How does a high protein diet compare to a high fat diet
A high protein diet is often pushed as the answer to healthy weight loss, and in fact many people associate paleo and primal diets and lifestyles with that of being high protein ones.
While protein most certainly is important, it isn’t what paleo focuses on. It is perhaps not spoken about enough that the paleo diet is an advocate of high fat, rather than high protein in a diet. Some people might be shocked about that, but in reality it is really what much of “getting to grips” with paleo is all about.
Let’s take a second to focus on fat…
Fat, is meant to be the bodies energy source. The body knows that it is, and knows what to do with it. It knows how to turn fat into energy and use it effectively. Carbohydrates on the other hand, don’t always play so nice.
Both high fat, and high protein diets are related in that they are against the grain, so to speak, of conventional dietary wisdom. Low carbohydrate diets are already “suspect” in their claims of losing weight automatically and repairing health conditions. High fat diets are no easier tolerated. They are, to no surprise, even more focused on by “authorities”.
So we know that fat is both controversial as well as recommended as an asset to the body. We also know that carbohydrates are controversial, and are recommended to not be a terribly important asset to the body.
- Fat doesn’t clog your arteries
Pipes can’t metabolise fat like your body can. Atherosclerosis is affected by many things, and fat is not one of the areas of focus you should be worried about.
- What about fat and cholesterol?
Dietary cholesterol has no impact on total blood cholesterol, this is an established fact. It is important to understand that your liver makes cholesterol when you need it, and retards production when it is digested as part of your diet.
- Fat doesn’t make you fat
Nope, it sure doesn’t. A diet low in carbohydrates but high in fat helps the body avoid accessing lean mass (muscle) for energy, and in stead focuses on accessing stored fat for energy. In addition, you’ll eat less because fat has more of a satiating effect than carbohydrates.
- What about heart disease?
Recent studies state that fat, especially saturated fat has little to no impact on your heart and its health.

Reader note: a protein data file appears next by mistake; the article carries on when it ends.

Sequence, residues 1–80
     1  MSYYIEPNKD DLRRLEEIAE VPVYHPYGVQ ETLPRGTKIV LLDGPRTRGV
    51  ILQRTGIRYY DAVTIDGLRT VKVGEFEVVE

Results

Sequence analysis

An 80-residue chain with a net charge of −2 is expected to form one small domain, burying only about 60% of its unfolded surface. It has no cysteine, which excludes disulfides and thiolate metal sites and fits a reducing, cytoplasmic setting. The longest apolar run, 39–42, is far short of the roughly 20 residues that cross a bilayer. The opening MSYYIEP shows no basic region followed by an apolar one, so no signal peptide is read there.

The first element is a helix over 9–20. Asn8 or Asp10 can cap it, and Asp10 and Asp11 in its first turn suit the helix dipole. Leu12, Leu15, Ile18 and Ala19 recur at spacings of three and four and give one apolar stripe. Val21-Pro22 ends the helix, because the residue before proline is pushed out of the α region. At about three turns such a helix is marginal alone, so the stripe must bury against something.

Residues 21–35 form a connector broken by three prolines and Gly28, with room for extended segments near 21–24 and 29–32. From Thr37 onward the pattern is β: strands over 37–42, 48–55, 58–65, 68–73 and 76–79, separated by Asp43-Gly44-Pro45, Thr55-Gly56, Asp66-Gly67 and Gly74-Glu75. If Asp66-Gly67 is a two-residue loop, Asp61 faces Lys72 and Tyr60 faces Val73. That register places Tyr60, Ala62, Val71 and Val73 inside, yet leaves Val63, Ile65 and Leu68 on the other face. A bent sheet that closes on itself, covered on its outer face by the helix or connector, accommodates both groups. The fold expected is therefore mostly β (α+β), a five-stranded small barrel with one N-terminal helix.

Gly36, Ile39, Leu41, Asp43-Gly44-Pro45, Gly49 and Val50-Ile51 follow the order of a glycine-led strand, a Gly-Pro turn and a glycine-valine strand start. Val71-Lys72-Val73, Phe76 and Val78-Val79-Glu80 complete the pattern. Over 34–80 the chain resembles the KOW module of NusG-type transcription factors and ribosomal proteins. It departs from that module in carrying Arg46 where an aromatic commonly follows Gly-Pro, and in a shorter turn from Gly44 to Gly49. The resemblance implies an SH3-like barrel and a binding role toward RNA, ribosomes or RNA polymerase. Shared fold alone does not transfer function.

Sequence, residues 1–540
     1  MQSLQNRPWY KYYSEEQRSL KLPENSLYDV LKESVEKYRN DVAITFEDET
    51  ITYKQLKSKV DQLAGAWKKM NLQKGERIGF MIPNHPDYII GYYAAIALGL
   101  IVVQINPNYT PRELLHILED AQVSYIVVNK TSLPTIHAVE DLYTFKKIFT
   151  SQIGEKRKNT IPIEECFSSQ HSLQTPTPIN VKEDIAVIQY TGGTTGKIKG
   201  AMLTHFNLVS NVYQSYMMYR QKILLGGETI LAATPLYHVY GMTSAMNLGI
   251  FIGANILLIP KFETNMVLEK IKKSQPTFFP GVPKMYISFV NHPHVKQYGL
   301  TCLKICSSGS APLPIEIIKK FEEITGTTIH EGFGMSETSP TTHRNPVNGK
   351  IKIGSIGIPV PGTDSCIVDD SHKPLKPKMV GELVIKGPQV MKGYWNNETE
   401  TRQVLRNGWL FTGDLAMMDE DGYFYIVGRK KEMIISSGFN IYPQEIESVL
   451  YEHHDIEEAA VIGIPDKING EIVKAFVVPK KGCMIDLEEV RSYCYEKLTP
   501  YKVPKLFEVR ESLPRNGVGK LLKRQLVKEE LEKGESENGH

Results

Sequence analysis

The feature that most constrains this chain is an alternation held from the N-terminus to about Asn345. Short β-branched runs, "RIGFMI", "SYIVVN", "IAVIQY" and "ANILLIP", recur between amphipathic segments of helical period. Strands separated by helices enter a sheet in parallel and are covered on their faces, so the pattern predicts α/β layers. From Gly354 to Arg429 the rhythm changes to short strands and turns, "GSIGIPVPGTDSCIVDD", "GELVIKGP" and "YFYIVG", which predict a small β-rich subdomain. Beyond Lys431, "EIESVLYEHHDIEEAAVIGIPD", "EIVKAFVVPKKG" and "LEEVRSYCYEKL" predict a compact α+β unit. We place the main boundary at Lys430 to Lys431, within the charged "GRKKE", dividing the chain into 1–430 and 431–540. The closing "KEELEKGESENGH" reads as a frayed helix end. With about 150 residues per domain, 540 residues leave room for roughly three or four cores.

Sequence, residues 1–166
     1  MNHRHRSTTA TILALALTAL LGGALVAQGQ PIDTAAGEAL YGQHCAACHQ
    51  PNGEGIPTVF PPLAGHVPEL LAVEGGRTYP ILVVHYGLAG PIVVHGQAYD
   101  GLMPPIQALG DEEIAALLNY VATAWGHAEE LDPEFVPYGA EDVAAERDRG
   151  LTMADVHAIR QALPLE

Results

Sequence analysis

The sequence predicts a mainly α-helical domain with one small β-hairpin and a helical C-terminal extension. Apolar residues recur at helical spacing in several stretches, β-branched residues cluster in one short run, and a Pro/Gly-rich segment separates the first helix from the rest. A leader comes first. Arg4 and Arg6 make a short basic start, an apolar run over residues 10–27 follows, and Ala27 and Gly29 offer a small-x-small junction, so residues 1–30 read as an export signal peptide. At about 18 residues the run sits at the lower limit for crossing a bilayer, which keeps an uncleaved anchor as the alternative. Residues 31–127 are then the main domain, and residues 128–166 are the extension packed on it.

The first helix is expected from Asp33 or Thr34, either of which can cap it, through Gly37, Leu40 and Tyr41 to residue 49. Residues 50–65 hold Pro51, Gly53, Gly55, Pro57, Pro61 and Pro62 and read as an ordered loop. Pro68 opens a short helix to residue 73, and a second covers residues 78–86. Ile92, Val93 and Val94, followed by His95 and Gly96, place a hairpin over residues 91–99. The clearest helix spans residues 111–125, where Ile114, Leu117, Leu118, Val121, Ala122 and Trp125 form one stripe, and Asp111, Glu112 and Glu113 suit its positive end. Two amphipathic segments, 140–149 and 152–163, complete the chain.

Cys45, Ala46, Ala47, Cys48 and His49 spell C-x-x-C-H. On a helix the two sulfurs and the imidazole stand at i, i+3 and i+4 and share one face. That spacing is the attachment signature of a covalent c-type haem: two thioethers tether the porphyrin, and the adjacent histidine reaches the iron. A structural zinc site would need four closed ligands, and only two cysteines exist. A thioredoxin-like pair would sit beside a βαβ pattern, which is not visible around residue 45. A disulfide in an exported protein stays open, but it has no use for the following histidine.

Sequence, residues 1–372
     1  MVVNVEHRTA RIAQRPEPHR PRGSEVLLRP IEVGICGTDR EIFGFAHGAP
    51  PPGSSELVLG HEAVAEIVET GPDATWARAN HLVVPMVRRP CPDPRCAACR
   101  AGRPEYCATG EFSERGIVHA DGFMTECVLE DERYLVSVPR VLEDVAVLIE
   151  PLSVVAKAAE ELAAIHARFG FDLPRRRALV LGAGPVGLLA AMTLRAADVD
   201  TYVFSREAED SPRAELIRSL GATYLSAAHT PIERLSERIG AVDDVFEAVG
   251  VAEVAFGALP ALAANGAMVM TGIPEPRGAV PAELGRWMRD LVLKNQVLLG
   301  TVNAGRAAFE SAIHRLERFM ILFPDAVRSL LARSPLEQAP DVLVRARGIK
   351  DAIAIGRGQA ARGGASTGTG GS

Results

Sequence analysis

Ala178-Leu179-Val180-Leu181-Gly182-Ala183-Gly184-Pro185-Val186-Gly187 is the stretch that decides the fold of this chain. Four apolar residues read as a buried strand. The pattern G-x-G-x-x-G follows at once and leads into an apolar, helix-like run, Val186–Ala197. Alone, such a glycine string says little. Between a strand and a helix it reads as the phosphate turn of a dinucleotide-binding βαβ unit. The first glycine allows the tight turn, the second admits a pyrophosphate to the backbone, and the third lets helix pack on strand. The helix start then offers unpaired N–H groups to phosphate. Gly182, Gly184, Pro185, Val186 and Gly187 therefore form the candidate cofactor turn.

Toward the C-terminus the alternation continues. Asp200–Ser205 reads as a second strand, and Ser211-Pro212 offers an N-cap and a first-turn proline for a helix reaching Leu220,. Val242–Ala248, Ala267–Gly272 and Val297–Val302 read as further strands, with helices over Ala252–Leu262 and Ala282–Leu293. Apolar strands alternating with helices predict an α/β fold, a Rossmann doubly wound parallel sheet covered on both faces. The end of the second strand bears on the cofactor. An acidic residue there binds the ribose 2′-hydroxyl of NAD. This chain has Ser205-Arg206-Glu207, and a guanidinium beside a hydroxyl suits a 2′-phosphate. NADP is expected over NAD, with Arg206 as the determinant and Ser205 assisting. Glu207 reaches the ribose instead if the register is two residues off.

- What about energy?
We accumulate stored energy as fat, and because fat is the body’s preferred and most efficient energy source, it is stored fairly readily when an abundance of glucose is present in the blood.
- Doesn’t the brain need glucose to function correctly?
The brain does require some carbohydrates to function at its best, but it’s worth noting that your body produces enough glucose through gluconeogenesis to run you brain fine. When eating a low carbohydrate diet the body uses fat as an energy source by turning fat into ketones, and ketones operate particularly effectively as an energy source for the brain. So all round, a high fat, low carbohydrate diet is perfectly healthy for the brain, if not preferable.
How does high protein differ from high fat?
High protein diets, such as Atkins, generally focus only on controlling protein and carbohydrate intake. Many, if not most “high protein” diets focus only on these two things. Eat more protein, eat less carbohydrates. There isn’t much mention of fat and its role in the body in most of these diets.
Diets like paleo and primal ones are focused on not only promoting an increase in protein intake, they are also very focused on upping fat intake.
Which fats, you ask?
That may go outside the scope of this article, but healthy fats are generally those which aren’t found in modified food sources. Canola oil and sunflower oil are good examples of bad quality fats. Good quality fats start with foods like coconut, avocado and those found in fatty fish.
If you would like to learn more about which fats are good and which are bad, why not sign up for the free 7 Paleo Concepts Course? It will outline some of the key and core fundamentals of what makes paleo, paleo. Get it below!